Personally my reaction to the comment is ‘To whom is it being disrespectful to?’. Other players? The crowd? The Queen? – May be? As for me, entering the arena and bowing to the queen 1st is an act of respect.December 23, 2015 at 3:53 am #15592
It’s okay to bring music before the game. It can lessen anxiety and pressure and it can help the brain get into the game. Music can bring people into another level of concentration which may help them achieve their goals during competitions.December 23, 2015 at 7:04 am #15599
As Wimbledon has a rich tradition, it would be best for players to show respect to the royalty and the crowd by taking off their headphone when entering the court. They can always put it on when seated on their seats and preparing for the match.December 27, 2015 at 11:48 am #15648
Music playlists should help an athlete build towards an optimal pre-competition mindset so that by the time the music finishes the athlete feels ready to compete.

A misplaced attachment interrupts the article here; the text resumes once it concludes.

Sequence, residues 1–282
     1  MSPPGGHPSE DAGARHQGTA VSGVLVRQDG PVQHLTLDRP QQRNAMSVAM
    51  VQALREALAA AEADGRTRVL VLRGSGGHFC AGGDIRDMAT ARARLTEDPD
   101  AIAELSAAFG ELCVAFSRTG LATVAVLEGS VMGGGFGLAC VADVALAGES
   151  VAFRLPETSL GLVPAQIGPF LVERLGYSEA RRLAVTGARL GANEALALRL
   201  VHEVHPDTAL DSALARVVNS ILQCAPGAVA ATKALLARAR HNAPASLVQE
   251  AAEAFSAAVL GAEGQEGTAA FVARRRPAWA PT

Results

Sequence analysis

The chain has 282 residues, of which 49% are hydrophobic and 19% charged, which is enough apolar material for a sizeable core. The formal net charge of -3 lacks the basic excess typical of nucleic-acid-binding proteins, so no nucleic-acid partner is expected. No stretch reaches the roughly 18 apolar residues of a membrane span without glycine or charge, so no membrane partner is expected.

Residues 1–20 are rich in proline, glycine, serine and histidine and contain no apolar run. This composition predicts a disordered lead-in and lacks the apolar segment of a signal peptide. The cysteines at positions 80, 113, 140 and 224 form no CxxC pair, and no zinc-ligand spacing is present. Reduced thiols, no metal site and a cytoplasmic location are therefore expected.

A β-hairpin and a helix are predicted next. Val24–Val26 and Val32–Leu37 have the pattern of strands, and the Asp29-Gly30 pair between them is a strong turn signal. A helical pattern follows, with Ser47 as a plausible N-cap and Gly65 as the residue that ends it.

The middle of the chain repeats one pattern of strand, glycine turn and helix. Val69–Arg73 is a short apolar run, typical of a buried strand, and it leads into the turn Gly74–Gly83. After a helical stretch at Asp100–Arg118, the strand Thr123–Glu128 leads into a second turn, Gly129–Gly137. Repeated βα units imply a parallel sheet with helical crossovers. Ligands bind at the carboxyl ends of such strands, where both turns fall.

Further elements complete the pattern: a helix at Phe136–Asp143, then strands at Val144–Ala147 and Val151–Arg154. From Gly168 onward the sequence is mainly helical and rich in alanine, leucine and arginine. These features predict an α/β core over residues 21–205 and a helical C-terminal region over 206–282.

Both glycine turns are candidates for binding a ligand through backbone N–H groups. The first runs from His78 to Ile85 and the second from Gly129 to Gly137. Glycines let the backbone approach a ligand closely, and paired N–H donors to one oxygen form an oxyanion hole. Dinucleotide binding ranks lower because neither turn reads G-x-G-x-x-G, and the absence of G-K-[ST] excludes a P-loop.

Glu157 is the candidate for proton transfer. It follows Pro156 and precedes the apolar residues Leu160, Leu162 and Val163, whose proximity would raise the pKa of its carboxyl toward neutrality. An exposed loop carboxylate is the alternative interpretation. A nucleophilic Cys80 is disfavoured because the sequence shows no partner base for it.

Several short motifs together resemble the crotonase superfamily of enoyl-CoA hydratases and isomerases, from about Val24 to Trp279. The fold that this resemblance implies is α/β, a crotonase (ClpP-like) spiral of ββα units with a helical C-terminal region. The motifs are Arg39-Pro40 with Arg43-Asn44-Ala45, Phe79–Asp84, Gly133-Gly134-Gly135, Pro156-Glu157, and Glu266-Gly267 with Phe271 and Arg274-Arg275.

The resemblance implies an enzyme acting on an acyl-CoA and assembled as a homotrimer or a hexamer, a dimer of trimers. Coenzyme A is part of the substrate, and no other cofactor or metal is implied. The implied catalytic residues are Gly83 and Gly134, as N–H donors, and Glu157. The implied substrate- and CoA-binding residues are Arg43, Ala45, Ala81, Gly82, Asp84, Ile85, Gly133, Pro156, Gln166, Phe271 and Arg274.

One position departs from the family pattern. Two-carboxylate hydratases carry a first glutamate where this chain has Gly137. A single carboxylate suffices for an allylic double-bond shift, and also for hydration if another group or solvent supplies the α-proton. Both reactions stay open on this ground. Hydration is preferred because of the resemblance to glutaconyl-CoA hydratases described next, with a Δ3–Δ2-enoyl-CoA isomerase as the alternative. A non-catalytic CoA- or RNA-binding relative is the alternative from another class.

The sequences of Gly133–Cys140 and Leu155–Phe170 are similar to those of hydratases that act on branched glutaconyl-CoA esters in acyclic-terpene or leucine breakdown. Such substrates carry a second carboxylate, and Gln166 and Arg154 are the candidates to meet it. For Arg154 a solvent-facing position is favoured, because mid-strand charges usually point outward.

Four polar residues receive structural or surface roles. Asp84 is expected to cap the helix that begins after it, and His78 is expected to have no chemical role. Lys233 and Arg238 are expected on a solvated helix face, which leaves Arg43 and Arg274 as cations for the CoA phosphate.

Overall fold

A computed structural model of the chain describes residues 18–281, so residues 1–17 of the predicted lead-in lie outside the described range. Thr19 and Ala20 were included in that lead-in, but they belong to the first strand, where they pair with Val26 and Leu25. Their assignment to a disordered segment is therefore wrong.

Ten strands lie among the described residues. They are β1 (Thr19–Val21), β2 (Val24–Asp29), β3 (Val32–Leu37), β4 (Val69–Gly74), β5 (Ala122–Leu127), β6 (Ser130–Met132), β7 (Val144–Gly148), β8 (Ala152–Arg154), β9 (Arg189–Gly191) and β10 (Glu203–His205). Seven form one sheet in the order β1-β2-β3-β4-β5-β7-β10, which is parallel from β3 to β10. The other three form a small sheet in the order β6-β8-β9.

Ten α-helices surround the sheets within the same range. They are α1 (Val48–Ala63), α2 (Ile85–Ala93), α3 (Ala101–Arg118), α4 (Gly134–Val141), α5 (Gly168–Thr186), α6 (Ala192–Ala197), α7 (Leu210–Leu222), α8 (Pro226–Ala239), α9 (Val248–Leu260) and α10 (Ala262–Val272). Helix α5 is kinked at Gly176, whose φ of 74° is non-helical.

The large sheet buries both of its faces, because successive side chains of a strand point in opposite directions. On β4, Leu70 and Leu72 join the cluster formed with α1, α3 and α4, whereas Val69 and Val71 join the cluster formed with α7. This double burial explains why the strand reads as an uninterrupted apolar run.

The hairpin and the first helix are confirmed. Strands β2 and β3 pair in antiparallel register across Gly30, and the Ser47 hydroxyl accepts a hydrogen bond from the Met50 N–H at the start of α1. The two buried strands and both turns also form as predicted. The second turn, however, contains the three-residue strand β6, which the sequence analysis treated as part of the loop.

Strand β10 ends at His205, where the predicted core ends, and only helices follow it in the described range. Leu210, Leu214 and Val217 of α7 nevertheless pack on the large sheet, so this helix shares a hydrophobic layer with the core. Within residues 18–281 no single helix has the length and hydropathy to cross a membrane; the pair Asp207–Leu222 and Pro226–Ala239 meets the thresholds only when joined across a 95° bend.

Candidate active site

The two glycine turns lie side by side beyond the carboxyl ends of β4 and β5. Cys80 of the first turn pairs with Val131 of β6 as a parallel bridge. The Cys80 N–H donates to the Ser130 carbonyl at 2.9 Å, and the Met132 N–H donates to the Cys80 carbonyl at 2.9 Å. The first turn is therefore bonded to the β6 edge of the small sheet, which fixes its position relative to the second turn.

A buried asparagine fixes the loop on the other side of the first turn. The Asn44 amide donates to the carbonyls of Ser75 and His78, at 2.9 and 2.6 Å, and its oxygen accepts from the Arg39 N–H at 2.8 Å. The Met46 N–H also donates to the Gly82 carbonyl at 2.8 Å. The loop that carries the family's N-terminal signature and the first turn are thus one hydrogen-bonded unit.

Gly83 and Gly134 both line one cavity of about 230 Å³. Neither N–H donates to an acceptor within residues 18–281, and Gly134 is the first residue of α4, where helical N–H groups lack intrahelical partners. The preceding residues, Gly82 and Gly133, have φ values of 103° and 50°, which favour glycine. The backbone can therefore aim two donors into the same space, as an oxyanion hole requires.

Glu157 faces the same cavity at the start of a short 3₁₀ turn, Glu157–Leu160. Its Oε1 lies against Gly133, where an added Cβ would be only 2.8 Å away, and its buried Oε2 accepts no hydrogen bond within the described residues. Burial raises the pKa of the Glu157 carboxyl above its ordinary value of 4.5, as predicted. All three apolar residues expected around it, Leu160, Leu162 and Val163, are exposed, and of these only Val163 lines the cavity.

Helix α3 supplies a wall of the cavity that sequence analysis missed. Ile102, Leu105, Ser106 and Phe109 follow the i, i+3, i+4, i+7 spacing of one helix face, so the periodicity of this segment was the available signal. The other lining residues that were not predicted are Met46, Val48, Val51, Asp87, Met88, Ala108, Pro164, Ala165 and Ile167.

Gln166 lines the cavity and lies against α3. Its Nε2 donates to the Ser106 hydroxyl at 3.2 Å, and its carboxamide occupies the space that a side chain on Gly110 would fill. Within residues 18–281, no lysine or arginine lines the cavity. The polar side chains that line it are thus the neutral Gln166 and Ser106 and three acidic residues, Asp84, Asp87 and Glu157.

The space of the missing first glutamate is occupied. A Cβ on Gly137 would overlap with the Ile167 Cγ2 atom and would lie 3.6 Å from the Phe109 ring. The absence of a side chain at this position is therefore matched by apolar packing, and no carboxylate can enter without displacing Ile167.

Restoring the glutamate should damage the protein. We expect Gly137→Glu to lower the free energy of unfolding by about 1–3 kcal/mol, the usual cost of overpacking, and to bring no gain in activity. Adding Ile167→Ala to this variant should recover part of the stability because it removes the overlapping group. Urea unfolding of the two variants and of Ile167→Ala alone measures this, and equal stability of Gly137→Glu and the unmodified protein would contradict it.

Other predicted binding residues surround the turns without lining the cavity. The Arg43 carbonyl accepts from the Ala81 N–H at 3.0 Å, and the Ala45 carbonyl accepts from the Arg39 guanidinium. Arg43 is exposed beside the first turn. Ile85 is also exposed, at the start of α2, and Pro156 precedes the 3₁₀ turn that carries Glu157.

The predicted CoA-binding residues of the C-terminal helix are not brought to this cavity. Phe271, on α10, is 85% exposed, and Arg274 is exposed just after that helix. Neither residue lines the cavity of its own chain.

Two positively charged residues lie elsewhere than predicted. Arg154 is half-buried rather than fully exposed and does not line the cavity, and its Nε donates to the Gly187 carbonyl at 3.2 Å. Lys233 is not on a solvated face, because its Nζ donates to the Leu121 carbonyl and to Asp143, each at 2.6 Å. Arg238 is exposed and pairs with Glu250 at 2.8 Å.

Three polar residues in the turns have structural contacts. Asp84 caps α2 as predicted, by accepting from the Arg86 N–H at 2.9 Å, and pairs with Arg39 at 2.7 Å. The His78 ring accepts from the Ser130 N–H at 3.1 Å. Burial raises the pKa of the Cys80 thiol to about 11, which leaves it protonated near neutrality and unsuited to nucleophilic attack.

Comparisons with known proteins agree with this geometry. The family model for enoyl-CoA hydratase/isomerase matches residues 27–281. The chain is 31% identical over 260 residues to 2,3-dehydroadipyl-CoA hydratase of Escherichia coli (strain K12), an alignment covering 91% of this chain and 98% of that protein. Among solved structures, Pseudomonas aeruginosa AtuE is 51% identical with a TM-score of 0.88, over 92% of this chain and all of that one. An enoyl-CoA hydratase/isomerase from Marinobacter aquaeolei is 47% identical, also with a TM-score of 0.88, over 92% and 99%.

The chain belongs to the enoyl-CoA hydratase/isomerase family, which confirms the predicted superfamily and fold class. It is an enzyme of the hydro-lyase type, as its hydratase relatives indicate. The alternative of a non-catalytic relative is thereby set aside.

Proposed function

Though the sight of someone wearing headphones into the traditional Wimbledon may look disrespectful to some cannot be used as the reason to label it as a disrespect.December 31, 2015 at 8:27 am #15688
Well that’s a good topic to talk about. Honestly it is up to individual on how they sees it. For me, it is not disrespectful to wear headphones in the court but it does not shows good athlete etiquette though. I mean if it helps the athletes in their performance then I guess it is not respectful after all.January 1, 2016 at 11:02 am #15700
I do not think there is wrong, everyone prepare different game mode, the player is seeking the best performance and make preparations, and therefore there is no reason to criticize.January 2, 2016 at 2:34 pm #15706
Music can help an athlete build the optimal state.Especially of pre-competition mindset .
To be frank, it is up to individual on how they sees it. For me, it is not disrespectful to wear headphones in the court but it does not shows good athlete though. I mean if it helps the athletes in their performance then I guess it is not respectful .January 5, 2016 at 4:29 pm #15732
I think using energetic music for increasing speed and duration of hard training, is very useful. thank for the leopoldoferre’ good comment.